So I walked the streets of London, so I visited art galleries that flick-knived my reeling soul, so I solemnly watched the English sun set much to early on an autumn afternoon, so I scrambled into a second hand shop.
So there was this pee pot on a table. It was not plastic, it was not from yesterday. It was porcelain and it talked to me in upper class English. It talked slowly, accentuated, to an Afrikaner from South Africa. Telling me of late nights. Telling me about the darkness of bottomless nights. Telling me of English bums in need of relief. Telling me of pee wishing to wee. So I told the English pot that I am Don Quixote from South Africa. Honestly. Telling the pee pot that chivalry in the end is all that counts. So I lay out my money to the shop owner and walked with me porcelain pot, like a king, a queen, to face a flight home to South Africa. And brother, me precious sister, I did not let that pee pot go by luggage home. No, I walked proudly, straight back, up to the aeroplane. With an English pee-pot in the hollow of my arm. In the aeroplane I cradled it. Knowing that I was taking very old English bums, male, female, to my South African home. To cradle their memory.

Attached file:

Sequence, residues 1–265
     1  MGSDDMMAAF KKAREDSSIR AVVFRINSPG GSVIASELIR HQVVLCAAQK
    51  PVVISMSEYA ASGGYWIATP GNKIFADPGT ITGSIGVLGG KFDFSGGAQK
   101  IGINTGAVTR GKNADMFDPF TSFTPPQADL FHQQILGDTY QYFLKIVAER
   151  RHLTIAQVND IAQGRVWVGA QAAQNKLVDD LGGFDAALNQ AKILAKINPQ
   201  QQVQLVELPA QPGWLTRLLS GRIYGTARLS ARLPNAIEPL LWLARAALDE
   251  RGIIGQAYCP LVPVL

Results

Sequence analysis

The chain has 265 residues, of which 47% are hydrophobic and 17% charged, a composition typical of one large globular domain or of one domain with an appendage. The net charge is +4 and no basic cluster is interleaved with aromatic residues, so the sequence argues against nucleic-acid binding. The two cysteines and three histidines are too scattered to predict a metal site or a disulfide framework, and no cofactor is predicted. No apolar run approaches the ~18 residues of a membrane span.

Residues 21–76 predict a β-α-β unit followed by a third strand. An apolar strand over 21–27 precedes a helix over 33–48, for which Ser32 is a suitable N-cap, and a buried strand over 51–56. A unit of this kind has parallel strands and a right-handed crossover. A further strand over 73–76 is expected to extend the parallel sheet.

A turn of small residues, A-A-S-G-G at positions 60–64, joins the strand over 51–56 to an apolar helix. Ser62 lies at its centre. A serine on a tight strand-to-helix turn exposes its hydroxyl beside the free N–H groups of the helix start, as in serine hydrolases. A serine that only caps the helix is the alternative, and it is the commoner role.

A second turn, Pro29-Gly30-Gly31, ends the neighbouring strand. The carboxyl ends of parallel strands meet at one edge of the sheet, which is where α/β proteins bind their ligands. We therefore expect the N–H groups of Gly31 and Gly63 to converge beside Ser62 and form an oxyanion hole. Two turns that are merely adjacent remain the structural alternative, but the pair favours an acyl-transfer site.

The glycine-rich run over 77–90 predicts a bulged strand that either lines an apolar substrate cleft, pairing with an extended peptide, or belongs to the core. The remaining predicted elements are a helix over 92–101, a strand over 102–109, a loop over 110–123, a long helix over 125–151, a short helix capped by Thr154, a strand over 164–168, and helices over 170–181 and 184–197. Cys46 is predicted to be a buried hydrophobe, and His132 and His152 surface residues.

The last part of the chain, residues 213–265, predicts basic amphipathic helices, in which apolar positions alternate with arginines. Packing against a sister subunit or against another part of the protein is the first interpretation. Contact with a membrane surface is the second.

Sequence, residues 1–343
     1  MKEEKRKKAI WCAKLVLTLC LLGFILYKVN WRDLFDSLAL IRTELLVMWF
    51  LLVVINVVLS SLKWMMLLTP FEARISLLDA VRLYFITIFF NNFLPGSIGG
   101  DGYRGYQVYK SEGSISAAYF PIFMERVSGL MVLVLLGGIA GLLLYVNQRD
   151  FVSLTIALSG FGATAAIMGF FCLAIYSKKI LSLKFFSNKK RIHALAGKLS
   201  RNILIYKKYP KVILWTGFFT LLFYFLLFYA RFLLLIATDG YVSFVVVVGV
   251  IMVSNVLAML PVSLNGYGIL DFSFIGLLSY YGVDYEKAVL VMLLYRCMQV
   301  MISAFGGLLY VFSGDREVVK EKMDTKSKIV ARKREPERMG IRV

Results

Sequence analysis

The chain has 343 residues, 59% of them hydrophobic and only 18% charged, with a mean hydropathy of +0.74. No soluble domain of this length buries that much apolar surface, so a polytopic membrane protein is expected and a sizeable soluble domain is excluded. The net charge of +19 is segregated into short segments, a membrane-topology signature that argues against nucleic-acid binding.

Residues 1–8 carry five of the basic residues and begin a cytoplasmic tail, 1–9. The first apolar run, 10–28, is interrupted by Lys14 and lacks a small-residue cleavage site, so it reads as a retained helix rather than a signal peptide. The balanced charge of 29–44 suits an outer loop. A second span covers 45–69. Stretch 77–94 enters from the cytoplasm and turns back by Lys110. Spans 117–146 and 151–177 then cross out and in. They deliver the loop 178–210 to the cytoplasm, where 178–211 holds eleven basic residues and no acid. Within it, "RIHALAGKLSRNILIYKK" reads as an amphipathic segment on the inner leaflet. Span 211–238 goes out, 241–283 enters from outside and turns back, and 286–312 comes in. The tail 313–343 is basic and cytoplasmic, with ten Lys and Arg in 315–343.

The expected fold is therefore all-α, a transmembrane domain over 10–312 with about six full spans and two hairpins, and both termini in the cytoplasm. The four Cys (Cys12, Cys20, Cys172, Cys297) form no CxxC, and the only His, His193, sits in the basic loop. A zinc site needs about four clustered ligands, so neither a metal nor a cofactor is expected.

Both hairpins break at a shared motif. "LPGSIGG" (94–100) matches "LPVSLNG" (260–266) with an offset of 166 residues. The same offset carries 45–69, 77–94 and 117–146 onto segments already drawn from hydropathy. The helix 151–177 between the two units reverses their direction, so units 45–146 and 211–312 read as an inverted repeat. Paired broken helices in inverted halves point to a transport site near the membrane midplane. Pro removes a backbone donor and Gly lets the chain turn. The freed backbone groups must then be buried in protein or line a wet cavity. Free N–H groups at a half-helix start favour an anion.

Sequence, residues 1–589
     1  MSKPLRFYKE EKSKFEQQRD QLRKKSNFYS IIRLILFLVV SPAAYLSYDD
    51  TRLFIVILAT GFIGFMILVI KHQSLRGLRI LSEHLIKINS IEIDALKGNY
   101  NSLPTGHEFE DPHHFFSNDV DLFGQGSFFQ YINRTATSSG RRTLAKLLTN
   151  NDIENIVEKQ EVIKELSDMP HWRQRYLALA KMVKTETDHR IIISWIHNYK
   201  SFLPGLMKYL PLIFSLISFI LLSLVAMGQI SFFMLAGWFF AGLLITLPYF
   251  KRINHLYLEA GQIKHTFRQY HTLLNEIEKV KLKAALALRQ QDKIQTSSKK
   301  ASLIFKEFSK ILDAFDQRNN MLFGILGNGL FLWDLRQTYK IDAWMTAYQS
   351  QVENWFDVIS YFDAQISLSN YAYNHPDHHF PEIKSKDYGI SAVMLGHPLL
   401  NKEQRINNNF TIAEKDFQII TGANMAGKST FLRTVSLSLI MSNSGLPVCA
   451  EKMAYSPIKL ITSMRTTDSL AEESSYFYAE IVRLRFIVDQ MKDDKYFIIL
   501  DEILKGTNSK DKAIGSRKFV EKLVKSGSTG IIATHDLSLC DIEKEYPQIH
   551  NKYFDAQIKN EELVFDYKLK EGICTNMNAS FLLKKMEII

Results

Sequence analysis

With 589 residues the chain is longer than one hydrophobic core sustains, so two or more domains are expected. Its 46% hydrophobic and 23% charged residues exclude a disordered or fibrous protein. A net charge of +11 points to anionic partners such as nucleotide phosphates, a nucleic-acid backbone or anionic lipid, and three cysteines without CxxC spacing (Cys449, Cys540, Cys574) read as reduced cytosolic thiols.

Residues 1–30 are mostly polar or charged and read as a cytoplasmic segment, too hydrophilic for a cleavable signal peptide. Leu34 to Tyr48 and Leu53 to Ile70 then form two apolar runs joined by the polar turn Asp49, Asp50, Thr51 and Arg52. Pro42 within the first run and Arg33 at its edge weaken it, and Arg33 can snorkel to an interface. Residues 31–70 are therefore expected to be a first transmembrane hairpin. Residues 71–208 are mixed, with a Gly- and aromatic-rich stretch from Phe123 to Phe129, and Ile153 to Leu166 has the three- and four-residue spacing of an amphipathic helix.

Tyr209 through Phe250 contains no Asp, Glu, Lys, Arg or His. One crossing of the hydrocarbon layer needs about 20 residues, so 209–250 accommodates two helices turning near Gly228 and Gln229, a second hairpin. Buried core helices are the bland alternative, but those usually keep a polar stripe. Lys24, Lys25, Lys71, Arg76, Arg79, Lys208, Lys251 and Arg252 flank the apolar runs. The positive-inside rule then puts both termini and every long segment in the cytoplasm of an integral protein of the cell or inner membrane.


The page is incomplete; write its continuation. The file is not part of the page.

Yes, I handled security at the airport like a pro. Never try to take guns from a cowboy. Never try to remove a pee pot from Don Quixote. So I took that precious porcelain pot to my home. Gave it a stand. Toasted it at midnights with wine and opera arias. Bruce Springsteen too.
And then it was time for irony. I went with a very very precious Madonna, a sensitive boffin in art, to Franschhoek. And there was this art object, founded in the guttered dumps that became proud protesting art. Yes, there was this tin-ironed bird standing in front of the art gallery, quaking for my attention. Although the lady at my side, with her immense sensitiveness, queried me, I bought the protesting bird and brought her home too.
So there they are. The porcelain pee-pot from very old England. Next to the frail tin-ironed bird from the ongoing dumps of Franschhoek. So there they are. Protesting, together, against all banality in life. On behalf of old English bums. And dumped material from feeble yesterdays.

Yes, Don Quixote, thank you. You straightened my back.
To walk tall.

Sancho, bring me horse.